Gladys Cleage Evans Obituary

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Gladys was my father’s sister and my aunt. She contributed her spit for DNA testing, helping make new family discoveries.  I spent much time with Gladys when we both lived in Idlewild. We used to walk to Head Start together. I remember she told me some of her childhood  and adult memories and I wrote them down in one of my notebooks, and I haven’t been able to find them, but I am going to go through page by page soon.  She also shared memories of her extended family, which I quote in some posts. Gladys also shared with me the letters that her father wrote to her mother when they were courting, which I used to write an A-Z series several years ago Index to the Letters from Dr. Albert B. Cleage.  I wish I could have shared the letters that her mother wrote to Homer and the information about my grandmother Pearl’s uncle Thomas Allen who fought with the USCT in the Civil War. Hopefully, she knows.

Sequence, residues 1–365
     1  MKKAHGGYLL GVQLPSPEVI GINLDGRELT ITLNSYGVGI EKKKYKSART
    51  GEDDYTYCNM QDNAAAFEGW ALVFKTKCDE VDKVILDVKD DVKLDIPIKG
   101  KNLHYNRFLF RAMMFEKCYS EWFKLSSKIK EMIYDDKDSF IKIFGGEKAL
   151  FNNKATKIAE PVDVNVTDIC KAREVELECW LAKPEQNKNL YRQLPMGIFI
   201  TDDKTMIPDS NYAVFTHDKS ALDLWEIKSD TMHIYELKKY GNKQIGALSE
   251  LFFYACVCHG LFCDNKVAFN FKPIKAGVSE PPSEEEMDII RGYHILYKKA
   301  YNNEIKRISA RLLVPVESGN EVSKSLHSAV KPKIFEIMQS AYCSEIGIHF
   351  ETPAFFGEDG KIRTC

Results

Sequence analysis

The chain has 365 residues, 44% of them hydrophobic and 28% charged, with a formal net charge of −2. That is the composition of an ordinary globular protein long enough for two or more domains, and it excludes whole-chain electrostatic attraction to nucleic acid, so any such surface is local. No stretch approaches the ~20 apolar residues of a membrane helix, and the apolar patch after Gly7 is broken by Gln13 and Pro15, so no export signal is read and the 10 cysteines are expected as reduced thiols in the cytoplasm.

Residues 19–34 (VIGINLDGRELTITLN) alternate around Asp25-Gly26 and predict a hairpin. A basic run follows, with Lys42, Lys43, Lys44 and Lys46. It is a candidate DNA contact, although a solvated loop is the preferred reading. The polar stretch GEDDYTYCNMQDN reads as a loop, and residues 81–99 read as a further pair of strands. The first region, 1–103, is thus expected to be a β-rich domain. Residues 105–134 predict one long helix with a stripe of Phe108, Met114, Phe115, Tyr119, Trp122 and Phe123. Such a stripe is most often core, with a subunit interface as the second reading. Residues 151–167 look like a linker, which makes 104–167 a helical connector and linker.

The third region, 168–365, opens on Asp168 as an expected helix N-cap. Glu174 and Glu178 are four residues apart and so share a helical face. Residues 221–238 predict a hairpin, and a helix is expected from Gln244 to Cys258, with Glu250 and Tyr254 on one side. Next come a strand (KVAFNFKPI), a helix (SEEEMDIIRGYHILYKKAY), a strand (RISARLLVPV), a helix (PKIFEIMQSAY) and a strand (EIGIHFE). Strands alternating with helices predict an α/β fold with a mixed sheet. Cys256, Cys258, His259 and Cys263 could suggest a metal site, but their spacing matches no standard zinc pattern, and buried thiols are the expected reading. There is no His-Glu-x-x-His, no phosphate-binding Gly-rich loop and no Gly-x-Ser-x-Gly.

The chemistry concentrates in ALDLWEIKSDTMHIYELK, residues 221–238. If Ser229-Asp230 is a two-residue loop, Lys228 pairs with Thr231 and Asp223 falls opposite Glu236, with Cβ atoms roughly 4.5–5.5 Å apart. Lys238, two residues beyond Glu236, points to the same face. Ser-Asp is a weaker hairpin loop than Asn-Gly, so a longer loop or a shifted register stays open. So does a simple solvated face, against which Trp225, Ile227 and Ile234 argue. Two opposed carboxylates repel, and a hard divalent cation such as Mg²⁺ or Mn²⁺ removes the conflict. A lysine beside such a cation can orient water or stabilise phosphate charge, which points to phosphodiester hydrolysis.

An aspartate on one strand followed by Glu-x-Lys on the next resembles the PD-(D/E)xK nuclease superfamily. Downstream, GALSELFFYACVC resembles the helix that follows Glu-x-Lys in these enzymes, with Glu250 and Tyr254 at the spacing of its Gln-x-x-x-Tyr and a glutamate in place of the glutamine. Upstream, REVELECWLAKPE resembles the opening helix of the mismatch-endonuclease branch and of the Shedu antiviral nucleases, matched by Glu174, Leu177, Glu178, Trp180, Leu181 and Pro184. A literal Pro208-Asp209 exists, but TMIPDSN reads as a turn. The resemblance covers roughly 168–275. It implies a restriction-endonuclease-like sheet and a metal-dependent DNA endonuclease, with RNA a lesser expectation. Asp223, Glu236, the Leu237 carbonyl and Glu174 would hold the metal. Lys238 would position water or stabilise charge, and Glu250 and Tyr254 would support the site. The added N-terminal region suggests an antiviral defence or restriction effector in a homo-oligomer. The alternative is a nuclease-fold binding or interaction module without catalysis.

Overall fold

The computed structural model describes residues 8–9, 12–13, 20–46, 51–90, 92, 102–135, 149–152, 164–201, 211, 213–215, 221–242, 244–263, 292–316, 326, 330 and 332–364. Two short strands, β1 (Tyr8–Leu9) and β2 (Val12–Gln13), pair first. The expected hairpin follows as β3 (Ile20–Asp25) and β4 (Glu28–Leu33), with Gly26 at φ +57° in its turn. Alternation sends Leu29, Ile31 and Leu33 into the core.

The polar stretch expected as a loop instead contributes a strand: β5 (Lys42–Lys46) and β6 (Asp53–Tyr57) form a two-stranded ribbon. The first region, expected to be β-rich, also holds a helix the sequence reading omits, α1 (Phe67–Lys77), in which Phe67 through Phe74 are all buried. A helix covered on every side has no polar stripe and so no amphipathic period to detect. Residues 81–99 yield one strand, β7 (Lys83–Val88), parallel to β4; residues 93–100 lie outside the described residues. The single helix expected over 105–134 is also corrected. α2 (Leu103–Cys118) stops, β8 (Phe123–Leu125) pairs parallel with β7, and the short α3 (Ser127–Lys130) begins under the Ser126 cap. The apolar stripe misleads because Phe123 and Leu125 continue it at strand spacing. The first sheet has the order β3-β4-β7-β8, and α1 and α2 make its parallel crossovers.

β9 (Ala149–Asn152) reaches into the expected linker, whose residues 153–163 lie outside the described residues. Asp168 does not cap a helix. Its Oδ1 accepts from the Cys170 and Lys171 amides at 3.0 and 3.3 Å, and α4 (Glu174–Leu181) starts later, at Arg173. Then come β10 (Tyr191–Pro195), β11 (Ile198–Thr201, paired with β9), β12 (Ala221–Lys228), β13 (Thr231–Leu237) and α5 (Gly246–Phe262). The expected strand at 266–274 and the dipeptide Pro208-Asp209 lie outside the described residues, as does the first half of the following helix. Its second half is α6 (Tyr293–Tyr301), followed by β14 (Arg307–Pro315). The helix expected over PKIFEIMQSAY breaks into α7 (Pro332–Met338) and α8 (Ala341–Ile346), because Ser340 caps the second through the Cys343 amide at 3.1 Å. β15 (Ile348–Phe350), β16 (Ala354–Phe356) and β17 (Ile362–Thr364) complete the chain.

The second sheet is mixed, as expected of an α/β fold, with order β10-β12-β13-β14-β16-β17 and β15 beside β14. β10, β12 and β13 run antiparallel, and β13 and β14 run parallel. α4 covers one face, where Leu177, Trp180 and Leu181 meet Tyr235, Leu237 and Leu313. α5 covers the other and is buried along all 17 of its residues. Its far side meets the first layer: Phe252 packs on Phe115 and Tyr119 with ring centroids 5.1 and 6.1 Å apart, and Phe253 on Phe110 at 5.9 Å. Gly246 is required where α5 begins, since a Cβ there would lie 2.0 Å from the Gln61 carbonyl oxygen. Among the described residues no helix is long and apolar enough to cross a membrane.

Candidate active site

Pearl Doris Reed Cleage Obituary

PEARL D. CLEAGE, HELPED FOUND ST. JOHN’S CHURCH

DETROIT FREE PRESS

Date: Friday, July 23, 1982     Page: 7 B

Edition: Metro Final     Secton: OBT

Pearl D. Cleage, a founder of St. John’s Presbyterian Church in Detroit, died Saturday while vacationing in Idlewild, Mich. She was 94.

Mrs. Cleage, a Detroit resident since 1915, was the widow of the late Dr. Albert B. Cleage SR. and the mother of Reverend Albert B Cleage Jr., minister and founder of the Shrines of the Black Madonna, who began the Black Christian Nationalist movement in Detroit in the late 1960s. The Shrines are in Detroit, Atlanta and Houston.

Mrs. Cleage often lectured on African-American history. She was a member of the Auxiliaries of the Iota Boule and Alpha Phi Alpha Fraternities.